November is a terrible month to write a full novel. Thanksgiving, preparations for Christmas and the beginning of office Christmas parties, long dark nights and short days… There are a hundred reasons not to write a book in November. But the same is true of any month. So let’s prepare by clearing the decks to write in November.

When I did NaNo the first few times, one of the things that I liked most was being able to make writing my priority for a month. Sure, I still had responsibilities in other areas of my life, but I would say “no” to any extras. I would tell people that I was writing a book that month. I would tell my family that I couldn’t do this or that until I had hit my word count. That they could make their own dinners and fine their own entertainment. I was NaNoing.

So if you are planning to NaNo, start saying “no” to anything extra and moving some of those responsibilities that you can back to October or forward into December. Yes, December will be busy, but December will always be busy.


Even those who write “by the seat of their pants” (pantser or discovery writer) usually have a character in mind when they begin writing a book. Here is a person, caught in a situation. What kind of a person? What kind of a situations? What are some conflicts that they are going to run into? How will their background and present situation affect the outcome? Maybe you are not someone who plots out any detail. Maybe you don’t know where the storyline is going or where it will end, but you can think about who you are going to write about.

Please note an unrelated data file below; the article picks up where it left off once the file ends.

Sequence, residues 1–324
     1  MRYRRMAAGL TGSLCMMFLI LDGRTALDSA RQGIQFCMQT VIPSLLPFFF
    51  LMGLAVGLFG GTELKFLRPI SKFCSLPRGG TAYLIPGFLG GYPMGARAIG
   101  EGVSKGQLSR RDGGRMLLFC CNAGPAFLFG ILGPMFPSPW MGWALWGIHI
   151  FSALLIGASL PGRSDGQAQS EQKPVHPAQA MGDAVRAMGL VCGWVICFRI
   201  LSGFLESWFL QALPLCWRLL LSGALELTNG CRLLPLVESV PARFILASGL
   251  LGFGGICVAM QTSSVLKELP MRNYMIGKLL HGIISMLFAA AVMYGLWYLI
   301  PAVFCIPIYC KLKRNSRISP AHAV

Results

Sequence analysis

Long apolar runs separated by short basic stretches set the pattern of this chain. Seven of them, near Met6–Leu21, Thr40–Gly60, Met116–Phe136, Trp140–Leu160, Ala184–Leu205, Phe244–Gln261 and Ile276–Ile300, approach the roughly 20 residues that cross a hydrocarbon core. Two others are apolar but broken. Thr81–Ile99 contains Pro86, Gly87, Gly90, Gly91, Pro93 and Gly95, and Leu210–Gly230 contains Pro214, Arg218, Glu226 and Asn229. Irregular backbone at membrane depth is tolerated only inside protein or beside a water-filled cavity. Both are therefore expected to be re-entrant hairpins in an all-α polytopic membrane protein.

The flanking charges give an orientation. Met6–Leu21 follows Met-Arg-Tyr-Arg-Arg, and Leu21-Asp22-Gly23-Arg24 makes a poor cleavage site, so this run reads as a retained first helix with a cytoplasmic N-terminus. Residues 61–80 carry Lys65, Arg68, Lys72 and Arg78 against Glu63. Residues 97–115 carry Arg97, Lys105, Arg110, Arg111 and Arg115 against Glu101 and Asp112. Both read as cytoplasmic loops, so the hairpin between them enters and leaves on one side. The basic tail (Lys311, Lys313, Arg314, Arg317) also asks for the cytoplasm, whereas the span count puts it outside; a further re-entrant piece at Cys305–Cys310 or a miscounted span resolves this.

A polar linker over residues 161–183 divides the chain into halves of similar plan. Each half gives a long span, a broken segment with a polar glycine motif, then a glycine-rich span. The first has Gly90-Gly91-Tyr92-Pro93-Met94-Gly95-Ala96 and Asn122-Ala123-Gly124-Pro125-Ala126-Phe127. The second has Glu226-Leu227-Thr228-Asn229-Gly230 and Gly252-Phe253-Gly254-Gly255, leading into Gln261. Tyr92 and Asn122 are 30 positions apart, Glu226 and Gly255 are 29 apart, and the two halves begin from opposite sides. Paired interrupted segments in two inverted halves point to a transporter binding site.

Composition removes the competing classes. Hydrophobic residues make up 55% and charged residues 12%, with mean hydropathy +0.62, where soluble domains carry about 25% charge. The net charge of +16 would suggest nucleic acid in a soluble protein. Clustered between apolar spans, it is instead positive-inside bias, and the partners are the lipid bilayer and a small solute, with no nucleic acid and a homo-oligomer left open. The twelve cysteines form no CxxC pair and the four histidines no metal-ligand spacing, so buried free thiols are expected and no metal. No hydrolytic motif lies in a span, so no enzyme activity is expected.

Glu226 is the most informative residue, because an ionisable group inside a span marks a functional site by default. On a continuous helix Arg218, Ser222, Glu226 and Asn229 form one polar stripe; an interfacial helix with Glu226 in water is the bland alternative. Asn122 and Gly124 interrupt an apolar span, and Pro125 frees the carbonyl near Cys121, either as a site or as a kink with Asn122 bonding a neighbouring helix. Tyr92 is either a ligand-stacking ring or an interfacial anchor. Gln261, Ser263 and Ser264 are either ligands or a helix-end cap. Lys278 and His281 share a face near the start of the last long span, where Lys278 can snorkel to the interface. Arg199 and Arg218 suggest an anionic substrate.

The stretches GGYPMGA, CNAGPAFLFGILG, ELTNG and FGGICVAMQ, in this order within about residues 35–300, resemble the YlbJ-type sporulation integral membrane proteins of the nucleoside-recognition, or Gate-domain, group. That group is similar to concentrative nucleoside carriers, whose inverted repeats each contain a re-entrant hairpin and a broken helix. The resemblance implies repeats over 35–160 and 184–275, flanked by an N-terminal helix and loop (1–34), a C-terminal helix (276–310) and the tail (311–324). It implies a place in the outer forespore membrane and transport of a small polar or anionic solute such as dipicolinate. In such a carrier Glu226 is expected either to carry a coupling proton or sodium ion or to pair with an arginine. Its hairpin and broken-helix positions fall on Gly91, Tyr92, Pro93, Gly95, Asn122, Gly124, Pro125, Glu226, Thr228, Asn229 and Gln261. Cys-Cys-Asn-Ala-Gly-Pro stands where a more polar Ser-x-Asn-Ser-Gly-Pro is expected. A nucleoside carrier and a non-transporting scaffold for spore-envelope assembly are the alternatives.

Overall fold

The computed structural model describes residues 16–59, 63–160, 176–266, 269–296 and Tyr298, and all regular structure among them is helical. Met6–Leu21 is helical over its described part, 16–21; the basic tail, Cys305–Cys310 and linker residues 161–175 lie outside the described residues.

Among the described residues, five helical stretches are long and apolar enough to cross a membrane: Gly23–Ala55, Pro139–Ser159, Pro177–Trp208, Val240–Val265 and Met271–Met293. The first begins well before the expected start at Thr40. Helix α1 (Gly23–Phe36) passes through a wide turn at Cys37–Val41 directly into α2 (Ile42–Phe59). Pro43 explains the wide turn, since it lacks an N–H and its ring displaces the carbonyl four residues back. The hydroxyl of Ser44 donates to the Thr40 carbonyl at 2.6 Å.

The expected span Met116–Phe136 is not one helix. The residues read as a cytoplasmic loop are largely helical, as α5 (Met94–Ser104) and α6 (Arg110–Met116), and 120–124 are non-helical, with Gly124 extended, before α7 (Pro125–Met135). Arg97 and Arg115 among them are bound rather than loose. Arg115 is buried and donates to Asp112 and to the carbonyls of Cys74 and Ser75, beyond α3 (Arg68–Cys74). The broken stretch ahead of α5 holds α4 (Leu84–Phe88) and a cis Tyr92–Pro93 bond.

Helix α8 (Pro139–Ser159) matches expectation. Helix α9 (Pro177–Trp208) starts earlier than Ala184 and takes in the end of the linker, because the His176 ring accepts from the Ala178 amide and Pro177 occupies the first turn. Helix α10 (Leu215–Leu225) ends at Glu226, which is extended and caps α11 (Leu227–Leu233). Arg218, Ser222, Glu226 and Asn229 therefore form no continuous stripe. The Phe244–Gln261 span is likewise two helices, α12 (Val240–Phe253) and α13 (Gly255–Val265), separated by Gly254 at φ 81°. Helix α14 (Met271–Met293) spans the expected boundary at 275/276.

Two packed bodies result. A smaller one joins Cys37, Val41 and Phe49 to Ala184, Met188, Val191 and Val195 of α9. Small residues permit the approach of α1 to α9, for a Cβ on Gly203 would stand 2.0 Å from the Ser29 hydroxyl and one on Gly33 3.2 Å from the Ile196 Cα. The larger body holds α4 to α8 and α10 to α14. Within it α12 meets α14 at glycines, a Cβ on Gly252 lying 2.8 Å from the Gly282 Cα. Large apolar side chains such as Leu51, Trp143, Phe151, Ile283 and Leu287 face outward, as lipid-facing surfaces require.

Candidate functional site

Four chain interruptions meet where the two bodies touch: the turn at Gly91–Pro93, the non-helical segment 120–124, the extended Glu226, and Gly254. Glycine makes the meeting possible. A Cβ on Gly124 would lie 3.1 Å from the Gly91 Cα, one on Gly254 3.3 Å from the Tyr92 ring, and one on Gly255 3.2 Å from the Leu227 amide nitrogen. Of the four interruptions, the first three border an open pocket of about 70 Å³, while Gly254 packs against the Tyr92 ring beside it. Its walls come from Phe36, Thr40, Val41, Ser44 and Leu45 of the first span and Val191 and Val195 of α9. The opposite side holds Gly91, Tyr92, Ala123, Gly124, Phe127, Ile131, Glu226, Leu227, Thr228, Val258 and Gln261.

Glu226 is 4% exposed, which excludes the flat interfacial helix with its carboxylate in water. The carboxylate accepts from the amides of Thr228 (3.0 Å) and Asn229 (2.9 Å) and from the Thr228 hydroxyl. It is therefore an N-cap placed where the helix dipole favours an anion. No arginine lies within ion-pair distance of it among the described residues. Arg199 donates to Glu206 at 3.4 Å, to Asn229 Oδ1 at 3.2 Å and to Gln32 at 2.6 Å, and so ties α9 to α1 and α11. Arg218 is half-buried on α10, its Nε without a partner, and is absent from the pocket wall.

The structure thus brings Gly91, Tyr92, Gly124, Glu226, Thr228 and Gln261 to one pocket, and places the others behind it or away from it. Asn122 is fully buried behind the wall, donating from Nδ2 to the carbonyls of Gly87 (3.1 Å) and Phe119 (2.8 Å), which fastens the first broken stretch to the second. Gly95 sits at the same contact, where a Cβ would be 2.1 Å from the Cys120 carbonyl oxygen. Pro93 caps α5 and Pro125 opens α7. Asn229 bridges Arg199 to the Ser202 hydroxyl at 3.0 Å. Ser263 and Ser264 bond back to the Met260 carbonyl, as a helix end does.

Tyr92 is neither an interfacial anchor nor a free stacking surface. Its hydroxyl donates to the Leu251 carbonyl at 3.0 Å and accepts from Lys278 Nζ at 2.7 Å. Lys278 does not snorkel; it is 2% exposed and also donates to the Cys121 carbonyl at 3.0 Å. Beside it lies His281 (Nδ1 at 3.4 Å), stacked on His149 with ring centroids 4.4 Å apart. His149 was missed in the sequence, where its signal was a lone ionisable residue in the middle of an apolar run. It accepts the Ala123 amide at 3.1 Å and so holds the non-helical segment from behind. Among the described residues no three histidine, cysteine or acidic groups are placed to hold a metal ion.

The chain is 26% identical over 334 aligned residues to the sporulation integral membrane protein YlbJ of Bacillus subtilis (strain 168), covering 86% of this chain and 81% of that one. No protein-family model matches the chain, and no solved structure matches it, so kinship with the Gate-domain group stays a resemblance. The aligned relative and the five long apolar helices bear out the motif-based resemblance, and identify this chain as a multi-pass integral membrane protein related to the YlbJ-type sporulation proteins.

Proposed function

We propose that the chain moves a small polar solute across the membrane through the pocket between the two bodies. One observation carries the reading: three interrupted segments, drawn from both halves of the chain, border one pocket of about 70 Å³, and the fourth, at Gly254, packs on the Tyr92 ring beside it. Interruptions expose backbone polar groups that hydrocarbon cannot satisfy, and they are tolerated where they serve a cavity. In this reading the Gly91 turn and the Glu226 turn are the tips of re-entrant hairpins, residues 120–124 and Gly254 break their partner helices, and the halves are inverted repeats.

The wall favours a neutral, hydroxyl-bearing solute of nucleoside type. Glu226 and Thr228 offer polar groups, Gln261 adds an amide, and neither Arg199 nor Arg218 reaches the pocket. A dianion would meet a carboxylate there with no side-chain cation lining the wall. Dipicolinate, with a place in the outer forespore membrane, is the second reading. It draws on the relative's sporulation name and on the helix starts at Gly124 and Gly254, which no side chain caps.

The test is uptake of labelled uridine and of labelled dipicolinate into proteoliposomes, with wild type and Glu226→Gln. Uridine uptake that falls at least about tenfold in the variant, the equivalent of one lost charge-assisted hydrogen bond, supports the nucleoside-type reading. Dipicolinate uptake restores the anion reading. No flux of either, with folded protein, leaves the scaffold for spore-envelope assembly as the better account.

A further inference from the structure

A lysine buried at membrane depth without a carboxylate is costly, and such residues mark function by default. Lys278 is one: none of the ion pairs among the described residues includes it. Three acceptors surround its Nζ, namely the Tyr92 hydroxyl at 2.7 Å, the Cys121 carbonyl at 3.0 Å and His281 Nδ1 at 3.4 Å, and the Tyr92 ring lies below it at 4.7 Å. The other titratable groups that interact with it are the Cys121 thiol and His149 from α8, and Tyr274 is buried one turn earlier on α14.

I am not going to tell the pantsers that they have to learn how to plot. Or that they have to write down at least a beginning, middle, and end for their book. Remember, every writer is different and every book is different. Some benefit from starting at the beginning, and plotting through in chronological order to the end. Some start in the middle and work outward. Some come in pieces that need to be assembled.

If you are a plotter, or a planster, or whatever other name that means you like to have something a little more structured before you begin to write, then spend part of October prepping. (Referred to by NaNo’s as “Preptober”). Whether you spend all of October, or just a few days or hours, start to sketch out the bits of the plot that will help you to write the book in NaNo. For planners, having a good plot structure in place can help prevent you from getting bogged down mid-month with a “saggy middle.”